- Heroku cloud hosting service contained several pieces of card skimming code and stolen card data.
- The platform removed these immediately upon notification, but the policies for free users remain the same.
- Magecart actors will continue to seek free hosting opportunities, and PaaS remains a good choice.
Malwarebytes is warning about cyber-criminals roaming the Heroku platform, hosting their web skimmers and collecting stolen data right on the platform. Heroku is a platform-as-a-service (PaaS) on the cloud, supporting multiple programming languages and being a subsidiary of Salesforce since 2010. As expected, the platform has specific use terms, conditions, and policies, and hosting malware on it is considered a violation and is not acceptable. Cyber-criminals, however, love abusing PaaS services, as they make their job way easier. In April 2019, card skimmers uploaded their code on GitHub repositories, and in June, a skimming campaign was hosted on Amazon S3 buckets.
In the case of Heroku, Malwarebytes reported their findings to the platform and the Salesforce Abuse Operations team was quick to remove all malicious instances. That said, the platform is free from card skimmers and card data for the time being. The question though is, how did the criminals found their way inside Heroku in the first place, and which failsafe mechanisms didn’t trigger. The answer lies in the platform’s freemium model, which is what the crooks registered for. This tier allows the users to experiment with the platform’s features, albeit with some limitations. These accounts are meant to be temporary, so they are not vigorously reviewed or closely monitored.
Another one on @heroku
hxxps://stark-gorge-44782.herokuapp[.]com/integration.js. Fake form in an iframe. Data goes to hxxps://stark-gorge-44782.herokuapp[.]com/config.php?id= pic.twitter.com/Xa1F2z1Z1a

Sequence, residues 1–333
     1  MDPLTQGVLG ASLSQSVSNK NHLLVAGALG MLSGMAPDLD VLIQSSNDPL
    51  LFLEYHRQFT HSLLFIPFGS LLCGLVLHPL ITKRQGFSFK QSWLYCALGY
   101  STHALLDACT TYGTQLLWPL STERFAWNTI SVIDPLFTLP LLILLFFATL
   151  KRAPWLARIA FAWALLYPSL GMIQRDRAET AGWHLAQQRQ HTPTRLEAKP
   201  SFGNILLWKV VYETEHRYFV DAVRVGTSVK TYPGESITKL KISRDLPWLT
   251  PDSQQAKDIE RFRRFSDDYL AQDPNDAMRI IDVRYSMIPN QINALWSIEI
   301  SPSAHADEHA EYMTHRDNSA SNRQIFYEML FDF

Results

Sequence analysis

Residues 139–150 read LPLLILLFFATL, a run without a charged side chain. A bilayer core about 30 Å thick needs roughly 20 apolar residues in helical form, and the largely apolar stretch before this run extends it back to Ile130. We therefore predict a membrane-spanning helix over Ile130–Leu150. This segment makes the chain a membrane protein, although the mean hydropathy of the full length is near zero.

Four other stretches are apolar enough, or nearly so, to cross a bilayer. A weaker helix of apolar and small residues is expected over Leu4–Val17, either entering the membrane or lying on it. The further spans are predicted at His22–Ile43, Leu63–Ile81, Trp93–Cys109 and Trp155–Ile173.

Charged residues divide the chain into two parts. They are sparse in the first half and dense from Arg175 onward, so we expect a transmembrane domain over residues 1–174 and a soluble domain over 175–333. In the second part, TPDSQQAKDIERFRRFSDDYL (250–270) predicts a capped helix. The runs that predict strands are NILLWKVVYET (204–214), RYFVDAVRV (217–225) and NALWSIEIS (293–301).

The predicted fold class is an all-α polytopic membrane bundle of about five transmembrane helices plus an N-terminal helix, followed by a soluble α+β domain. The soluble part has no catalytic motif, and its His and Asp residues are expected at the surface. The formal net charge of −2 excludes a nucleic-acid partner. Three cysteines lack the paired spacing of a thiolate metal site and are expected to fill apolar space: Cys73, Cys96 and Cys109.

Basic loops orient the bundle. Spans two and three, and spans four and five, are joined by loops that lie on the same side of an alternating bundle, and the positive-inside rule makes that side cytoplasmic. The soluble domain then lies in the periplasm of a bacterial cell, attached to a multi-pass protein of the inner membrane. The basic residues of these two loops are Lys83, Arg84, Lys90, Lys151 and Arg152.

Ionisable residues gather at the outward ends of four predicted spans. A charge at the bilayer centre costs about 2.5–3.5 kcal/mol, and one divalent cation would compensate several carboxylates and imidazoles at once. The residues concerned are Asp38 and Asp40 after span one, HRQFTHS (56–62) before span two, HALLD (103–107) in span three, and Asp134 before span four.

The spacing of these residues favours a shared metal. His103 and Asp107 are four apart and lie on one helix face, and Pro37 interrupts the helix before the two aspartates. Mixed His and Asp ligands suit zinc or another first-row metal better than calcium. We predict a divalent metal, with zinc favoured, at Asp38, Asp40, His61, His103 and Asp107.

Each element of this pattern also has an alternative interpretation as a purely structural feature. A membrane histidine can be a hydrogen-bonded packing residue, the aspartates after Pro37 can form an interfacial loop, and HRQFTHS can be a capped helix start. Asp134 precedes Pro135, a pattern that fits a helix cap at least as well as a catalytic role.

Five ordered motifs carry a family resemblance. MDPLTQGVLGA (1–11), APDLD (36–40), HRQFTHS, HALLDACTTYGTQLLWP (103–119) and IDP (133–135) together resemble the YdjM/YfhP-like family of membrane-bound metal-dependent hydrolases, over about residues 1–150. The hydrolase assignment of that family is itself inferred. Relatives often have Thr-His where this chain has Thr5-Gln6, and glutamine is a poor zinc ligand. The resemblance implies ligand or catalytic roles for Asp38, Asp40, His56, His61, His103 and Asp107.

— Denis (@unmaskparasites) December 2, 2019
Malwarebytes researchers have found that the actors uploaded the skimming app in three components, the core skimmer, the rogue iframe, and the exfiltration mechanism. What is particularly interesting is that in several cases, the actor had forgotten or didn’t bother to add a layer of code obfuscation, and so the nature of the card skimmer was obvious. That said, if Heroku was using any form of a detection system, they would have caught at least these apparent cases of abuse.
As long as free cloud services remain an excellent hosting choice for malicious actors, we will continue to see stories like this one. Hopefully, this will not be the case for much longer. Card skimming is a particularly nasty type of attack that has dire consequences for the compromised individuals as well as the businesses that have had their websites infected with magecart code. The indicators of compromise provided by the researchers this time are the following: ancient-savannah-86049[.]herokuapp.com, pure-peak-91770[.]herokuapp[.]com, aqueous-scrubland-51318[.]herokuapp[.]com, stark-gorge-44782.herokuapp[.]com.